Tuesday, April 26, 2005

Shifting Baselines

I first heard the term “shifting baselines” in January, at a dinner party with a neighbor, Kent Redford, who is a conservation biologist with the Wildlife Conservation Society. As with many terms, once you hear it for the first time, it pops up again and again. David Conover, of Stony Brook University’s Marine Science Research Center, used it a couple of weeks ago at a conference in the city. And I came upon it again this morning, in the Times, in a profile of Jeremy Jackson, of the Scripps Institution of Oceanography. The Times reported:

He helped create a Web site, shiftingbaselines.org, to point out that the changes people saw in their 20th-century lifetimes were just small snapshots in a larger picture of environmental decline that has been accelerating for 200 years.

At shiftingbaselines.org, there is an offer – a command, almost – to take material from the website and use it for a good cause. I read a piece by Randy Olson, of USC, that defines “shifting baselines” and explains its relevance to marine ecosystems and elsewhere:

There is a new term in the environmental movement. …

The term is "shifting baselines," and you do need to know it, because shifting baselines affect the quality-of-life decisions you face daily. Shifting baselines are the chronic, slow, hard-to-notice changes in things, from the disappearance of birds and frogs in the countryside to the increased drive time from L.A. to San Diego….

The term was coined by fisheries biologist Daniel Pauly in 1995….

Among environmentalists, a baseline is an important reference point for measuring the health of ecosystems. It provides information against which to evaluate change. It's how things used to be. It is the tall grass prairies filled with buffalo, the swamps of Florida teeming with bird life and the rivers of the Northwest packed with salmon. In an ideal world, the baseline for any given habitat would be what was there before humans had much impact.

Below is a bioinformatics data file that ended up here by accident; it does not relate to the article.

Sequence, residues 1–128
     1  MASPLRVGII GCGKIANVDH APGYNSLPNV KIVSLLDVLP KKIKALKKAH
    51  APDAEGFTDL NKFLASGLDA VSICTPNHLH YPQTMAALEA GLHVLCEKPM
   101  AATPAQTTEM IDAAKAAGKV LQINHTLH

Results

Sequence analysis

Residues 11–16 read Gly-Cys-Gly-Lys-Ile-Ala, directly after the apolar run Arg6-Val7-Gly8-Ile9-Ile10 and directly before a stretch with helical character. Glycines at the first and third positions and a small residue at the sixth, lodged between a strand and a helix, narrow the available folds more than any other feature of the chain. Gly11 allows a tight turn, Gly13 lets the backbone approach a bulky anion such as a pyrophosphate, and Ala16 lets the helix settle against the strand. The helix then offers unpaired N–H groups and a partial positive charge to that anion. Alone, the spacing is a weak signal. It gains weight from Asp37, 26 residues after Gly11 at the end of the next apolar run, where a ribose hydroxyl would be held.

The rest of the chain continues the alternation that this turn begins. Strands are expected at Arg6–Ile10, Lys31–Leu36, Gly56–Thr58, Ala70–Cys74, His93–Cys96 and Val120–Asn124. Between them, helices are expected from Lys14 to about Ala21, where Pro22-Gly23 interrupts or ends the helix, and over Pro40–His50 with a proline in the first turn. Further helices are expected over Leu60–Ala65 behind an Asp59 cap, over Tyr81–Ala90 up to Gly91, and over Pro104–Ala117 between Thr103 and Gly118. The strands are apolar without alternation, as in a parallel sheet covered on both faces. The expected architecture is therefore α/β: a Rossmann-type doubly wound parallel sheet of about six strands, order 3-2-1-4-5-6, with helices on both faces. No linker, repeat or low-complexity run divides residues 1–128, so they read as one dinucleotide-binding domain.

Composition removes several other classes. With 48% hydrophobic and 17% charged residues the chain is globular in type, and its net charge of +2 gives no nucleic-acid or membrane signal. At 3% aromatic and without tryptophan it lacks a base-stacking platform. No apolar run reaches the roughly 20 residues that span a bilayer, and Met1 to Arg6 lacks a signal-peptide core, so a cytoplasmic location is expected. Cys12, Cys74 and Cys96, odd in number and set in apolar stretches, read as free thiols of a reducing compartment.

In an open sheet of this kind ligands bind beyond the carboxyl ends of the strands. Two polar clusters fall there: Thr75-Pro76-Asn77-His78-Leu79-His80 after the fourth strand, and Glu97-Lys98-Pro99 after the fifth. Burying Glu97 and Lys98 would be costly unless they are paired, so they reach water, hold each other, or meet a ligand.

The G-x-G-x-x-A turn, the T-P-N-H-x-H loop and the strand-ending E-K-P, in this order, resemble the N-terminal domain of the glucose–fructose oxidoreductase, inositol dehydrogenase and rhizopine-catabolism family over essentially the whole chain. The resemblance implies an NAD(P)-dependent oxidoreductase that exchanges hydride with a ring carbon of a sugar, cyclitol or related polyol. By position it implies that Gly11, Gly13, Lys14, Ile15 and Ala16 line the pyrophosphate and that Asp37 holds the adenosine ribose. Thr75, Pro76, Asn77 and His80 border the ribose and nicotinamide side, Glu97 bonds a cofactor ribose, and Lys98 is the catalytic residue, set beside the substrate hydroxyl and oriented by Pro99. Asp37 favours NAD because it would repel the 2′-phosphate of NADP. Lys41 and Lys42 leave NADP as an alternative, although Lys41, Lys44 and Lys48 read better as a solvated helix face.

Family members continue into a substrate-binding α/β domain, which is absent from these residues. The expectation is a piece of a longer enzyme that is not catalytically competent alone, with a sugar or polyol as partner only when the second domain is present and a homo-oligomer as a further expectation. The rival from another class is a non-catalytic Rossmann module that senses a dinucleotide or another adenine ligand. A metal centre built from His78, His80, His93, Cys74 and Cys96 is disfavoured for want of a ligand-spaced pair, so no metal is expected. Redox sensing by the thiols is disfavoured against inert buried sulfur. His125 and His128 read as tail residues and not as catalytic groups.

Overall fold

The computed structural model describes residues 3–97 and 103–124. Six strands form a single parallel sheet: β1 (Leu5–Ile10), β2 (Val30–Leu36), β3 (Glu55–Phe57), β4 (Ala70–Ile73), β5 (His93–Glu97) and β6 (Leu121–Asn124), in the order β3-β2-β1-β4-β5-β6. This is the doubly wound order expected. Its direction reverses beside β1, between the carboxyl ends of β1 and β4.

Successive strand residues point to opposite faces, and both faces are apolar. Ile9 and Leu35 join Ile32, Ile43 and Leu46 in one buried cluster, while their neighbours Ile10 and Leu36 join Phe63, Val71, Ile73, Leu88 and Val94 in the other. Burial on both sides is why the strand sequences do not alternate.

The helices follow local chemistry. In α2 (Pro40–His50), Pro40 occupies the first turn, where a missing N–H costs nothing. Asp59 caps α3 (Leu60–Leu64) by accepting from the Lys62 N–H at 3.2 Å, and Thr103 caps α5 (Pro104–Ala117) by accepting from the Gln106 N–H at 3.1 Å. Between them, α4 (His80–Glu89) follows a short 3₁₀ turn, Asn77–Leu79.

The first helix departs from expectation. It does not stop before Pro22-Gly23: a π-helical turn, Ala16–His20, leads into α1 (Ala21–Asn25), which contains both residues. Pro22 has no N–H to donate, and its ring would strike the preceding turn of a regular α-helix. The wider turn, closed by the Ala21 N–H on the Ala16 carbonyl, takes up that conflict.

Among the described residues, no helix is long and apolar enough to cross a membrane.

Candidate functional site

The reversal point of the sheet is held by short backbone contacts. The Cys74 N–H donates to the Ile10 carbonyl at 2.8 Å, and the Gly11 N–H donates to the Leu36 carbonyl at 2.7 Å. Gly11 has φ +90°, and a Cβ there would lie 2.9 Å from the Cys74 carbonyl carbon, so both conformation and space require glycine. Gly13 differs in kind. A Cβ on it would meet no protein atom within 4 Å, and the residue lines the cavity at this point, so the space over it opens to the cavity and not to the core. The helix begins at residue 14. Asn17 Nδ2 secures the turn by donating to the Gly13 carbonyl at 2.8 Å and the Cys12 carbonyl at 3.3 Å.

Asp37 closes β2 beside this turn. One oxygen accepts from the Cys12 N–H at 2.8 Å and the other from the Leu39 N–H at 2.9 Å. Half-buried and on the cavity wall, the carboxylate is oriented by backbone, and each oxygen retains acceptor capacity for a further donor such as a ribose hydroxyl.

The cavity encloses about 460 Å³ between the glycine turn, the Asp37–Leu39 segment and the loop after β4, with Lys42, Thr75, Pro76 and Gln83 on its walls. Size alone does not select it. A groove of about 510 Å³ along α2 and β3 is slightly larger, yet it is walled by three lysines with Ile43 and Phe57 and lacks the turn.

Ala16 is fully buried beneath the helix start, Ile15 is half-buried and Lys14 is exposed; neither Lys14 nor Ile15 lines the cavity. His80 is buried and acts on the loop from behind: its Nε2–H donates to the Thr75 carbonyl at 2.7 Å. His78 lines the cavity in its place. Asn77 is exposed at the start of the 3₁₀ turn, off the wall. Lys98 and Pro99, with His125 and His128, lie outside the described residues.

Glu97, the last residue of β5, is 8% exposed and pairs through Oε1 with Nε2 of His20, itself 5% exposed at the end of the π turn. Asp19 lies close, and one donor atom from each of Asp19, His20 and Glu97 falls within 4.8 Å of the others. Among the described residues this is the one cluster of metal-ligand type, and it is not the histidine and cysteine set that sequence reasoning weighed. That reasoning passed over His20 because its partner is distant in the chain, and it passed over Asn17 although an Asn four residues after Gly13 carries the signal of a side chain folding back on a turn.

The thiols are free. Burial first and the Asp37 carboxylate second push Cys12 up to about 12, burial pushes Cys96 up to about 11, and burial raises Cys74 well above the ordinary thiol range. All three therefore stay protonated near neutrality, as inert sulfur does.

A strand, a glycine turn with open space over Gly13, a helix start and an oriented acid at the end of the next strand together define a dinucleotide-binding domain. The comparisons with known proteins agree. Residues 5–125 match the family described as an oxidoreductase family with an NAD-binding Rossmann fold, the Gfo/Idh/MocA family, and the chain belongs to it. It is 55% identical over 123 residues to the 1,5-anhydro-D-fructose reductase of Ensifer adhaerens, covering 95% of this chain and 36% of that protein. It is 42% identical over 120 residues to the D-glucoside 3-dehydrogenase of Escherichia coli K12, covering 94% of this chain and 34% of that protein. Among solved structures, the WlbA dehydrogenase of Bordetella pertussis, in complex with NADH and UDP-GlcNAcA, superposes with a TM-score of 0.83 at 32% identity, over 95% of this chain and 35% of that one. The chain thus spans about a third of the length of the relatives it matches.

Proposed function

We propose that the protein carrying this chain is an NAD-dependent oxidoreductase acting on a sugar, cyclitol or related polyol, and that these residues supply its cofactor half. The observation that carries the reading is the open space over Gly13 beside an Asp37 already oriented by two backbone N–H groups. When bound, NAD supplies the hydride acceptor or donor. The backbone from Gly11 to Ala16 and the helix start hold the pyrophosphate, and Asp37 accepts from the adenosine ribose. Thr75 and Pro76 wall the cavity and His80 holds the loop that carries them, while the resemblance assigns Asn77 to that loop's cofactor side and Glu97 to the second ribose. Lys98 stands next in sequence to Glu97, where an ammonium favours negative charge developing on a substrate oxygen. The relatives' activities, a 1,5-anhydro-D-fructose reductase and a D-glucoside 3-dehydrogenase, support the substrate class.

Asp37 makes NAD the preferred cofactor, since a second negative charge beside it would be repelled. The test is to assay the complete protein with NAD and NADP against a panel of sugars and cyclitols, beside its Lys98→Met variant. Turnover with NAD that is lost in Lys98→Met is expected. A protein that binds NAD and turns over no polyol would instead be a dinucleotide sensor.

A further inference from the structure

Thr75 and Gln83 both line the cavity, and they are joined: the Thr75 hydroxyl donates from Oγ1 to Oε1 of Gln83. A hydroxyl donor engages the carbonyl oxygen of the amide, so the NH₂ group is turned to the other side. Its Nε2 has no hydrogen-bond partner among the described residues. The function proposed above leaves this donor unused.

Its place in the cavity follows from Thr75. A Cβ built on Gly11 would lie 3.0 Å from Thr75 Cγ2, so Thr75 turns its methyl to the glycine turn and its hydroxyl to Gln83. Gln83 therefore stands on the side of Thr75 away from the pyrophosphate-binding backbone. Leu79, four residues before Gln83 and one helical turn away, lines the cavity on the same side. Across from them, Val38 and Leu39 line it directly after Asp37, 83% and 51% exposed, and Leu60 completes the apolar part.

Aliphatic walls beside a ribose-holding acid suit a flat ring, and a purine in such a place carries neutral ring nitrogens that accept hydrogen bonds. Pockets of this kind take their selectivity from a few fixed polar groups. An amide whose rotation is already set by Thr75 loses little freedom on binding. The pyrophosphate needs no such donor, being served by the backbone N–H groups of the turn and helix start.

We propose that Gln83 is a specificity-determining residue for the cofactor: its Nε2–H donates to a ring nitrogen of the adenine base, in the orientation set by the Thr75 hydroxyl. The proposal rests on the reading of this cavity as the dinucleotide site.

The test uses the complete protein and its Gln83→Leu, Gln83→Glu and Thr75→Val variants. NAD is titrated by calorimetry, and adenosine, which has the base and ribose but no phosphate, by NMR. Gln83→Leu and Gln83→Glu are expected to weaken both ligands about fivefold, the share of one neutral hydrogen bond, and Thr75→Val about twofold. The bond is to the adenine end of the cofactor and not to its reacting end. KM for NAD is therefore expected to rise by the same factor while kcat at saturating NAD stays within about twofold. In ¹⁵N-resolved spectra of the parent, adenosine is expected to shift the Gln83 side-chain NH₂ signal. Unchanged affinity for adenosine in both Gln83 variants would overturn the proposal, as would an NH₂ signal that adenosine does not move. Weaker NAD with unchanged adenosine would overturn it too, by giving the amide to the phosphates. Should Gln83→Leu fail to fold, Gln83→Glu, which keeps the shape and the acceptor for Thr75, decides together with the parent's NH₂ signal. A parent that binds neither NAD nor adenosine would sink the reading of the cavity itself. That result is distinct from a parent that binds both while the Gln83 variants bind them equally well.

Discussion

If we know the baseline for a degraded ecosystem, we can work to restore it. But if the baseline shifted before we really had a chance to chart it, then we can end up accepting a degraded state as normal -- or even as an improvement.

These questions are particularly important to ask about oceans, my main research interest. Last year Jeremy Jackson of the Scripps Institution of Oceanography brought the problem into focus with a cover article in Science that was chosen by Discover magazine as the most important discovery of the year.

Jackson and his 18 co-authors pulled together data from around the world to make the case that overfishing had been the most important alteration to the oceans over the past millennium. Furthermore, humans have had such a strong effect on the oceans for so long that, in many locations, it is difficult to even imagine how full of life the oceans used to be.

One of scientists' biggest concerns is that the baselines have shifted for many ocean ecosystems. What this means is that people are now visiting degraded coastal environments and calling them beautiful, unaware of how they used to look.

One of the things I tried to do in my Long Island Sound book was present a portrait of what the natural world was like 400 years ago, and when I give a talk I make sure to include a section that sketches the same thing – the incredible spring spawning runs of anadromous fish, the huge sturgeon, the lobsters big enough to feed 12 men. (I understand John Waldman did the same thing for New York Harbor in his book Heartbeats in the Muck, although I haven’t read it yet.)

For Long Island Sound, this is the baseline. We shouldn’t be satisfied merely to make things better compared to 1987 or some other year when conditions were appalling. Bring back the lobster, bring back the winter flounder. Let the shad spawn in dozens of rivers.

Kent Redford, by the way, turned out to be an excellent cook. He served striped bass brightened by a tiny branch of tart, scarlet currents. Were there any fish he wouldn’t serve? Absolutely, he said. Chilean sea bass. They’ve been so overfished it would unconscionable to eat one.


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